With 60% of the total populace anticipated that would live in urban areas by 2030, Volvo sees the jolt of its vehicles as a potential answer for overall blockage and contamination.
“At Volvo Trucks, we accept with this new electric truck, we are not simply propelling another truck demonstrate. It’s an open door for us to address these difficulties,” said Anna Thorden, item administrator, electromobility with Volvo.
Volvo was showcasing its new FL electric truck at a press event during the Volvo Ocean Race’s Gothenburg stop June 20. Drives along a short route demonstrated a whisper-quiet ride and instantaneous throttle response. The retarder handled braking with little to no brake pedal input required, regenerating the batteries in the process. The two-speed transmission seamlessly shifted from first to second gear, and in some cases the truck can start in second gear, eliminating shifting altogether. Two trucks were available to drive – a waste truck and a refrigerated straight truck. “We do a lot to reduce noise levels,” said Thorden, citing an electric air compressor and the adoption of technologies from the medical industry which have been adapted to the truck environment.
Volvo trucks and buses share the driveline technologies, meaning the driveline has already been in real-world use since 2015 in bus applications. Tobias Bergman, product manager for alternative drivelines, said the electric driveline is proving to be more reliable and to require less maintenance than a traditional diesel powertrain. The system consists of one or two electric motors (depending on model), a two-speed transmission, and a battery pack consisting of up to six batteries. The smaller FL driveline with one electric motor puts out 185 kW, or approximately 250 hp. The larger FE driveline with two motors produces 370 kW, or slightly more than 500 hp. The driveline sits in the middle of the chassis, with the batteries mounted on the sides. A modular power box containing the 24-volt batteries, onboard charger and electronics is packaged in the shape of a diesel engine and located where the engine would normally be.
Each battery pack, producing 50 kW hours of power, weighs 520 kgs, so Volvo says it’s vital to work with customers to determine precisely how many batteries they require, to minimize the impact on payload. The FL has a range of up to 300 kms while the FE can go up to 200 kms, assuming the maximum number of battery banks are installed.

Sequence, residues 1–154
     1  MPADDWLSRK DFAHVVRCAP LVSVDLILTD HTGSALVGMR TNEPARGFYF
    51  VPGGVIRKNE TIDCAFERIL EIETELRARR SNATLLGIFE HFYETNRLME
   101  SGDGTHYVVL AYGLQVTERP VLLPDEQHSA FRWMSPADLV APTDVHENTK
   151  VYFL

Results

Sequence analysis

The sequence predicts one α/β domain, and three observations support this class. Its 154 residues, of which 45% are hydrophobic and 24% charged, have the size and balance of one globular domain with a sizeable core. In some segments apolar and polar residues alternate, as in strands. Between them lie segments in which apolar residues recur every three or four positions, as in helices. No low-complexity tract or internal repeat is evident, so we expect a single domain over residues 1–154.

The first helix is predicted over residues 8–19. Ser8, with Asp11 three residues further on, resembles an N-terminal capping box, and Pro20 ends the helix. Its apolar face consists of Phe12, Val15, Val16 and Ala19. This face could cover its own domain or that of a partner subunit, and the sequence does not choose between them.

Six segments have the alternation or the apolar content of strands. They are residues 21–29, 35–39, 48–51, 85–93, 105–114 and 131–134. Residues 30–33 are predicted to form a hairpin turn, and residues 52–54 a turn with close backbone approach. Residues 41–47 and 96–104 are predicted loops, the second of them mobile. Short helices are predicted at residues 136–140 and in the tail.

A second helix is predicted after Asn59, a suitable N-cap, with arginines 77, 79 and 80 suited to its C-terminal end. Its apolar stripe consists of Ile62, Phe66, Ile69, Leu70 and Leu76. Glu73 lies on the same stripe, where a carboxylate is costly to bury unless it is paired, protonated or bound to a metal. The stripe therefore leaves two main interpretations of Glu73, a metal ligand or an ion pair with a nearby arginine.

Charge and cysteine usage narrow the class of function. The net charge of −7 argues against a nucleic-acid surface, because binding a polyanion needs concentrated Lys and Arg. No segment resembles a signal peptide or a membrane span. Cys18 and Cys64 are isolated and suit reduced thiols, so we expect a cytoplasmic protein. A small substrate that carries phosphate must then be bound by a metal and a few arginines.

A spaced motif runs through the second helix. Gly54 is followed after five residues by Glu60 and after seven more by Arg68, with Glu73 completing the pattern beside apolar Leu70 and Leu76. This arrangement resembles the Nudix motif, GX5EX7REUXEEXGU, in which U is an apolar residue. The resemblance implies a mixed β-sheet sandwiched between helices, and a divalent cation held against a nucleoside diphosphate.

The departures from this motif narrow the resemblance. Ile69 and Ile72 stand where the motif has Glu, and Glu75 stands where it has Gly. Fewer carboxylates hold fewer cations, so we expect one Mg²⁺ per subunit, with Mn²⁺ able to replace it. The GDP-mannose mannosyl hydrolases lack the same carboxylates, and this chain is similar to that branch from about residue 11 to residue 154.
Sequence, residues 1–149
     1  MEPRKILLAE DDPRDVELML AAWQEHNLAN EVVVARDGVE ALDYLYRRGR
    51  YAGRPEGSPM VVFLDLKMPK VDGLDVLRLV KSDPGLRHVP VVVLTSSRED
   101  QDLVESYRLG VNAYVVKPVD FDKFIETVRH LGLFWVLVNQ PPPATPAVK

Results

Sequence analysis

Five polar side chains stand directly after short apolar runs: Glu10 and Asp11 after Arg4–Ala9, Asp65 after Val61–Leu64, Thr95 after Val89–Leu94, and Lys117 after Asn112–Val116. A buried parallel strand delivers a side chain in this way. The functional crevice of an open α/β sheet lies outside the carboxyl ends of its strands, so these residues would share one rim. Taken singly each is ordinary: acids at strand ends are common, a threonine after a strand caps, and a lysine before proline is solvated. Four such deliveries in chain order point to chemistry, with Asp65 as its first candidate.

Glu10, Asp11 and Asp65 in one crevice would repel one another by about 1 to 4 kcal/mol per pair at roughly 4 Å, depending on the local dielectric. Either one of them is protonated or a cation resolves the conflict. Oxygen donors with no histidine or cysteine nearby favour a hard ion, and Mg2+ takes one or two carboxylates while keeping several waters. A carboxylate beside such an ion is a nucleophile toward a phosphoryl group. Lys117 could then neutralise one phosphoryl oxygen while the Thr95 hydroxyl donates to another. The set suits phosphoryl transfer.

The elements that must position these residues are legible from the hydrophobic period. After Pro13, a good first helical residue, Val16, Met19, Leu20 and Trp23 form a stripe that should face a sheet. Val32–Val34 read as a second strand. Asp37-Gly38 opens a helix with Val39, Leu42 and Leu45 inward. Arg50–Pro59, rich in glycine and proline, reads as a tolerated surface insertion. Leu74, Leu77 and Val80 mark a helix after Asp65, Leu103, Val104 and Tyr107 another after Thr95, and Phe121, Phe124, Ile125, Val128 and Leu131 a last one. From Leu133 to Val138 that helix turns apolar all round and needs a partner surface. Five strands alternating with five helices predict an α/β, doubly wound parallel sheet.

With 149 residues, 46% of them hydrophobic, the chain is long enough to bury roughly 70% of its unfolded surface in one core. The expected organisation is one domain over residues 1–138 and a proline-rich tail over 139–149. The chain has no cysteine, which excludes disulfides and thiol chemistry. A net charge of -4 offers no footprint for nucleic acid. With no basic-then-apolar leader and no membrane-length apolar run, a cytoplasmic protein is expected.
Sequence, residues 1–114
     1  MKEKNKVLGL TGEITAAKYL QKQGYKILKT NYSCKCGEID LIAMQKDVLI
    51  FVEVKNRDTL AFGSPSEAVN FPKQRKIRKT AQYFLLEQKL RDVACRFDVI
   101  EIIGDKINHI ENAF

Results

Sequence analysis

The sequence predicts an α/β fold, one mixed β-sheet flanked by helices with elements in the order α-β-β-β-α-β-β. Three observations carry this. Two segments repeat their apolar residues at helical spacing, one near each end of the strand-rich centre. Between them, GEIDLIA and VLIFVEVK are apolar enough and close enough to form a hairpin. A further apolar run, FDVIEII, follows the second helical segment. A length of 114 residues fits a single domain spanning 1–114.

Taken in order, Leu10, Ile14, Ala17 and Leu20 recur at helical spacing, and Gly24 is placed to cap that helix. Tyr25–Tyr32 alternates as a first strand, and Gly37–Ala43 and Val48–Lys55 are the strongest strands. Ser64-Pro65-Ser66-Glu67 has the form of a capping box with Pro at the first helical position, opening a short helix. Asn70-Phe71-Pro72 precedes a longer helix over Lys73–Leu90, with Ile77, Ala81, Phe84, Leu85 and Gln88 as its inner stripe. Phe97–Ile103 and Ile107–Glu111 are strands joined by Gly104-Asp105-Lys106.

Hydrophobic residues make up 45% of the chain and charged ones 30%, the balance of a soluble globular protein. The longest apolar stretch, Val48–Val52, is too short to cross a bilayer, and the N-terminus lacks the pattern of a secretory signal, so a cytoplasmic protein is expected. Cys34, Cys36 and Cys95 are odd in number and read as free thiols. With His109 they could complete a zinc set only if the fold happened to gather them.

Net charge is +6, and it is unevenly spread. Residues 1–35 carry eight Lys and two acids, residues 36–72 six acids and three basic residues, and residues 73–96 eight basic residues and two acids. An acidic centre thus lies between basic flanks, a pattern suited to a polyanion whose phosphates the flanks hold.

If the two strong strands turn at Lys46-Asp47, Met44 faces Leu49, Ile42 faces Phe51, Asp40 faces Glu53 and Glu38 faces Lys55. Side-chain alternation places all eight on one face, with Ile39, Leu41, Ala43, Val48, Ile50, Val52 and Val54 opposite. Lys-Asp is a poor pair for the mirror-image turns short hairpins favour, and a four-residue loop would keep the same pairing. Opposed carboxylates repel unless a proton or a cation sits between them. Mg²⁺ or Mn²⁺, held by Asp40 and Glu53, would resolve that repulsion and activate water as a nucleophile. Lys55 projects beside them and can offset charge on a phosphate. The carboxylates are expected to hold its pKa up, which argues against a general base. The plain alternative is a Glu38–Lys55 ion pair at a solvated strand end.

“But range is affected by many different parameters,” noted Thorden. The FE refuse truck can make two runs collecting 10 tons of garbage on a single charge. “There is much more to consider than range when investing in an electric truck,” Thorden acknowledged. “Volvo doesn’t want our customers to install more batteries than they need for their specific application.” Installing four batteries takes away one ton of payload compared to a diesel. Concerns about battery requirements are not only due to payload limitations, but also because of the environmental impact, Thorden noted. The production of the batteries is the largest economic impact contributed by an electric truck. Also, batteries remain expensive, so a payback can be achieved quicker if fewer batteries are required. “This is why at Volvo, we have a very flexible energy storage system,” Thorden explained. “On the FL you are able to choose from two batteries for 100 kW hours to six batteries for 300 kW hours…We have had many years of experience from the bus business to optimize the electromobility solution and we can give advice on what charging system to use, how many batteries and so on.” In some applications, trucks can be charged mid-day, for example during the driver’s lunch break.
“We will build together a customer charging station and the driver will get lunch coupons and during lunch we will fast-charge the truck so it can cover a full day of driving,” Thorden said. “We have gained quite a lot of payload by only installing three batteries.” In refuse applications, the truck can put in a full day’s work and be charged overnight. The charging infrastructure is being expanded, both in Europe and in North America, but at a faster pace overseas. There are 290 charging sites planned in the U.S. by the end of 2019, while in Europe there will be 400 public charging stations by that time, with an average of six charge points per site. Volvo’s electric trucks will debut commercially in Europe next year, and will be rolled out “segment by segment,” according to Thorden. A North American launch date has yet to be announced. In addition to the advantages seen by fleets, such as improved uptime and lower fuel costs, the world at large will also benefit for the adoption of electric trucks. Cities with poor air quality should see improvements, noted Bergman. In addition to reducing air pollution, electric trucks can also help lower noise exposure, which Thorden pointed out has also been proven to have negative health effects on humans living in cities. She said in cities that have a nighttime noise level of 50-55 dB, about 25% of inhabitants suffer from a poor quality of sleep. An electric FL produces 69 dB of noise compared to a diesel truck that creates 79 dB. To the human ear, that’s half the noise level. Volvo is hopeful the noise reduction will also allow its customers to operate trucks overnight and in early mornings, in cities where truck traffic is currently restricted at such times.
“By doing that, there are some pilot projects in Stockholm that show we could reduce daytime driving of trucks and distribution by 70%. It helps decrease congestion if you allow for nighttime deliveries,” said Bergman.